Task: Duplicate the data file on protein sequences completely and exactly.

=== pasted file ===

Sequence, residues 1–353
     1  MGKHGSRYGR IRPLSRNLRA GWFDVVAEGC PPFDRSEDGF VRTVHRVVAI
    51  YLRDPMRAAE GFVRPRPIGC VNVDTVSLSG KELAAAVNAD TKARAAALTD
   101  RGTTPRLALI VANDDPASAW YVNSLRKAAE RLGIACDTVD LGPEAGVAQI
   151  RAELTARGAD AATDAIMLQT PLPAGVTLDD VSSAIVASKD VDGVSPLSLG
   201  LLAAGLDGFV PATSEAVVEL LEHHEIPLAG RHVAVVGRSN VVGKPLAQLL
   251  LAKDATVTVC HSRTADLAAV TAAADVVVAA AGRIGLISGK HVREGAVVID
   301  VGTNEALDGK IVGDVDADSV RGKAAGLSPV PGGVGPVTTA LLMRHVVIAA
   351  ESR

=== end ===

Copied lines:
Sequence, residues 1–353
     1  MGKHGSRYGR IRPLSRNLRA GWFDVVAEGC PPFDRSEDGF VRTVHRVVAI
    51  YLRDPMRAAE GFVRPRPIGC VNVDTVSLSG KELAAAVNAD TKARAAALTD
   101  RGTTPRLALI VANDDPASAW YVNSLRKAAE RLGIACDTVD LGPEAGVAQI
   151  RAELTARGAD AATDAIMLQT PLPAGVTLDD VSSAIVASKD VDGVSPLSLG
   201  LLAAGLDGFV PATSEAVVEL LEHHEIPLAG RHVAVVGRSN VVGKPLAQLL
   251  LAKDATVTVC HSRTADLAAV TAAADVVVAA AGRIGLISGK HVREGAVVID
   301  VGTNEALDGK IVGDVDADSV RGKAAGLSPV PGGVGPVTTA LLMRHVVIAA
   351  ESR